Image from [African Words- https://africainwords.com/2016/12/25/cfp-the-red-and-the-black-the-russian-revolution-and-the-black-atlantic-14-15-october-2017-lancashire-deadline-31-january-2017/]. Claude McKay addressing the Fourth Congress of the Comintern, Moscow in 1922.
Charisse Burden Stelly is an assistant professor of Africana Studies and Political Science at Carleton College. Her areas of specialization are Black Radical Politics, African Diaspora Theory, and Globalization and Economic Development.
How do you think of the relationship between Black political movements, radical movements, and Communist movements historically? Which bits of overlap are promising to you?
Radicalism and Blackness are intimately linked. At various times, around the 1930s and 1950s, for example,there were major convergences around housing, civil rights, and due process. For instance, cases like the Scottsboro Boys and Angelo Herndon won important legal concessions with respect to due process and fair jury selection.
The Angelo Herndon case was in the early 1930s. He was a Black Communist arrested for contravening the Burgen Laws in Alabama. Because he was a member of the Communist party, many Communist lawyers mobilized around his case. Angelo Herndon was accused of inciting a riot or using incendiary speech because he was educating people on communism. His case really represents one of the kind of earlier convergence on free speech, civil liberties, and civil rights. He’s a figure where anti-Blackness, antiradicalism, and anticommunism converge.
The International Labor Defense, a communist organization, helped win the struggle for fair jury selection in the Scottsboro Case. This is because the causes were linked: people like William Patterson, Claudia Jones, and Paul Robeson struggled for equal rights for Black folk but also struggled for free speech for Communists and Socialists who were being heavily surveilled and subject to state discipline and violence.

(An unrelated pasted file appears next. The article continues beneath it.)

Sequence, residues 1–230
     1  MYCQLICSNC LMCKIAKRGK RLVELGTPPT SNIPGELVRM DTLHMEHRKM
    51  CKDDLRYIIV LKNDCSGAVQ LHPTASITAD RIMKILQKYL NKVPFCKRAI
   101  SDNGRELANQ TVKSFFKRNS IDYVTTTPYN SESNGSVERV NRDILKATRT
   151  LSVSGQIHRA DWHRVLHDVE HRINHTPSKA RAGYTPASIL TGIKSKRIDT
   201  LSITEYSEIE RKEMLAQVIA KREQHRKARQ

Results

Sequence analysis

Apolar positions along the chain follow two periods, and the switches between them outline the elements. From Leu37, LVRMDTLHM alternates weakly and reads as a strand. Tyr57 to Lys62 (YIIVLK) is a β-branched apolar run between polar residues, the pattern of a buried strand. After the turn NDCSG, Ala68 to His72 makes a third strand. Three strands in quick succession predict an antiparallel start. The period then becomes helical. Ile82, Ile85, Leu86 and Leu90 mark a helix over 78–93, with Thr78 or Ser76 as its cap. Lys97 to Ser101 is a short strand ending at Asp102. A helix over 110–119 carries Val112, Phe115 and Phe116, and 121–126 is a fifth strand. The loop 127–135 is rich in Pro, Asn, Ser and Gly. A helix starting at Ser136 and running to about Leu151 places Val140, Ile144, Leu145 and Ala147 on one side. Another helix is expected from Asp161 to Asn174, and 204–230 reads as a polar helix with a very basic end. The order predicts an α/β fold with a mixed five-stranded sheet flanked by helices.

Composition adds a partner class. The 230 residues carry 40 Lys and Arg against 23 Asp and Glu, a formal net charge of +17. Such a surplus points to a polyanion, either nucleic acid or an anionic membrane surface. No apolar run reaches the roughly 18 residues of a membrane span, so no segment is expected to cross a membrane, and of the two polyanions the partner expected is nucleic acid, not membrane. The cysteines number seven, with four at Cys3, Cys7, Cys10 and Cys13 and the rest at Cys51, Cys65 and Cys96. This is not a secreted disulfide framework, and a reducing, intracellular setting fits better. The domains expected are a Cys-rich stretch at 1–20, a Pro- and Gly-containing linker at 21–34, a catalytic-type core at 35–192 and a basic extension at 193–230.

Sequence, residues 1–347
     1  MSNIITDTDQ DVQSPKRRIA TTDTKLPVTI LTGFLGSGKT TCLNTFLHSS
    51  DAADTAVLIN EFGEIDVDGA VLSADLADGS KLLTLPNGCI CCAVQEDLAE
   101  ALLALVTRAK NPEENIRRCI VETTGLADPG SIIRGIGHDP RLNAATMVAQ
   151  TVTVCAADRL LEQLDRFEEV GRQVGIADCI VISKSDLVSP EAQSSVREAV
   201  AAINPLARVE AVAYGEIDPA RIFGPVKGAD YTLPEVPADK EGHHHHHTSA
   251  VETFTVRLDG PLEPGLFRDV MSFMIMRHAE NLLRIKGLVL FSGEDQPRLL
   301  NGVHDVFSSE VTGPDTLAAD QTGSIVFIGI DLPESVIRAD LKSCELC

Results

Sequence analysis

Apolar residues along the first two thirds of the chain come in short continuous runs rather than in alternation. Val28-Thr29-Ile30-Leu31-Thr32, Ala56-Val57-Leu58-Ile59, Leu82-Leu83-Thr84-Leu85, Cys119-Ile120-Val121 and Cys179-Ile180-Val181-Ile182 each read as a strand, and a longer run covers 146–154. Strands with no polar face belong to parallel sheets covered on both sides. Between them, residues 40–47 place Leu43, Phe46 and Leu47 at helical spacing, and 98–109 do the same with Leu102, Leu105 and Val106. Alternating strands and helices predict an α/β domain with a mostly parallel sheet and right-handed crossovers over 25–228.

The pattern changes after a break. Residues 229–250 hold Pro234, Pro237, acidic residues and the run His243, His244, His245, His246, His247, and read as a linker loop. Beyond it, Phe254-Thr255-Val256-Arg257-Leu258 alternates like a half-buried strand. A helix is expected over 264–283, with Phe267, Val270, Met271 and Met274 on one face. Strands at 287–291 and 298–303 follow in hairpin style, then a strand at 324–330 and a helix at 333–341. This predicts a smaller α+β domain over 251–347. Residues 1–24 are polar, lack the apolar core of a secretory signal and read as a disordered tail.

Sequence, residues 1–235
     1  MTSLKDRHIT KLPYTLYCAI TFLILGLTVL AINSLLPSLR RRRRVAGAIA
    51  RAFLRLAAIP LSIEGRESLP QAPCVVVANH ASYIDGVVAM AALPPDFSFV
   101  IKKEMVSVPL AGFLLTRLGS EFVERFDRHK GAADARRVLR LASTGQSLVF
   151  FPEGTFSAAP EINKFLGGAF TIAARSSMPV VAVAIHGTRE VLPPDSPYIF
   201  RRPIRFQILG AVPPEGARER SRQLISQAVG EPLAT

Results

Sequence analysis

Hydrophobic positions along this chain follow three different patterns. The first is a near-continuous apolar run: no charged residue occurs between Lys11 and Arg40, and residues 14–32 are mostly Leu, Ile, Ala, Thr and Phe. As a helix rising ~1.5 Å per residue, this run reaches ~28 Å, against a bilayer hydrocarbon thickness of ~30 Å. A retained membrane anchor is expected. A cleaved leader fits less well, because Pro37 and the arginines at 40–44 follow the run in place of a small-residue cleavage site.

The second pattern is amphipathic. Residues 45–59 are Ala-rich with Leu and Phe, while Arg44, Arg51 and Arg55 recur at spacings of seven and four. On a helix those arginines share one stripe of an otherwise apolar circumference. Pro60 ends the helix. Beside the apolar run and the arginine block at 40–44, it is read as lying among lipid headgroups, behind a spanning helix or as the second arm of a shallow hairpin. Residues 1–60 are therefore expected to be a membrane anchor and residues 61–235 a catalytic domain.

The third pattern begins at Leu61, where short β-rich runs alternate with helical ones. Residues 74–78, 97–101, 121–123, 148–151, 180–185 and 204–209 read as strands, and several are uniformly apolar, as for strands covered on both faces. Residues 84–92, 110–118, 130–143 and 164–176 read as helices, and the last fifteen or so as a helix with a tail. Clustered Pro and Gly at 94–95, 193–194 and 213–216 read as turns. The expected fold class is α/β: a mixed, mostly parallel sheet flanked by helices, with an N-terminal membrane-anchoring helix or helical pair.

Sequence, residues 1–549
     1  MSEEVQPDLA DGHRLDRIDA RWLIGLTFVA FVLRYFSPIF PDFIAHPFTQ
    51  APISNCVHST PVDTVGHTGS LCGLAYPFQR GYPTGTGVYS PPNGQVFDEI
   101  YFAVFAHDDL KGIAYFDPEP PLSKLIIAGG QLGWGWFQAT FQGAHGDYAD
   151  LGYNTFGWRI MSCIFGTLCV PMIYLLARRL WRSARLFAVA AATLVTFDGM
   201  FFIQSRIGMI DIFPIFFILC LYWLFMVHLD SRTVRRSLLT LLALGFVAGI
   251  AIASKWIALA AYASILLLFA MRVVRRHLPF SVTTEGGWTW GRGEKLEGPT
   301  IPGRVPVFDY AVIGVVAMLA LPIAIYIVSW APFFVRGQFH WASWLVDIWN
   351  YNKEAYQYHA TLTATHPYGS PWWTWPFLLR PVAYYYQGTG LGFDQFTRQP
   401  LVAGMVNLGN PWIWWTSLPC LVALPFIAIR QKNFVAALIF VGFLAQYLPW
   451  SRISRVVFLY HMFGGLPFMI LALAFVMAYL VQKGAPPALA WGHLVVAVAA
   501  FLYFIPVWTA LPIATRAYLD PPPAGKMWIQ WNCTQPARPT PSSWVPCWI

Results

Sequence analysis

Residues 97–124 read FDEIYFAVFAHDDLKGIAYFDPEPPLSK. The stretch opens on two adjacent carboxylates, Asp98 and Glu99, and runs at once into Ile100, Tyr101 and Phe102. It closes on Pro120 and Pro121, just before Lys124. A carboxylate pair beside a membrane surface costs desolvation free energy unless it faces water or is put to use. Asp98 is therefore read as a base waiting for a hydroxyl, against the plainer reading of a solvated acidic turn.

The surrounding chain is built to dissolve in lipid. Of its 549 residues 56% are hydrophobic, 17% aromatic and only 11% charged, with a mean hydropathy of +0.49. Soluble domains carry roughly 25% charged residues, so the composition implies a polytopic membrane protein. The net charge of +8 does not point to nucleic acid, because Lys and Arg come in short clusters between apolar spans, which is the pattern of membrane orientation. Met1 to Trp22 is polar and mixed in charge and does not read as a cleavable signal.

Although in a dominant communist approach race is subsumed to class, there were actual moments where race became an important question for Communists. During debates surrounding the “Black Belt thesis,” starting in 1928, whether or not Blacks in the Southern United States constituted a nation was given central stage in the Comintern because Communists and socialists were trying to understand the role of the Black working class in revolutionary struggle. Both Black radicalism and Communism were struggling for forms of redistribution pending revolution, against forms of anti-Black violence and subjection, and for an alternative world and political formation that was more just and allowed the people that create value to have control and possession over the value they create.
What do you see as the connection between anti-communist, anti-radical, and anti-Black political forces historically?
Globally, I think anti-Black and anticommunist forces converged around anticolonial, anti-imperial, and internationalist struggle, especially after WWII. The Bandung Conference helped begin the Non-Aligned Movement, and the Tricontinental Conference hosted by Castro in Cuba included global revolutionary state and nonstate actors involved in anticolonial struggle. Both of these gatherings were surveilled and condemned by the global capitalist power structure.
During World War I fear of Pro-Germanism preceded fear of pro-Bolshevism. The United States was very wary of Germans using Black people to turn against the US state. The Bureau of Investigation (which became the FBI) began to surveil Black publications. From the language we see in the anticommunist documents of these groups, we can see that the underlying assumption of these investigations was that Black people can’t think for themselves and are inherently subversive, which means foreign actors can just come in and manipulate Black people into uncritically following their cause. The thought was that Black people don’t contribute anything to ideology or world history, rendering them manipulable and susceptible to subversion.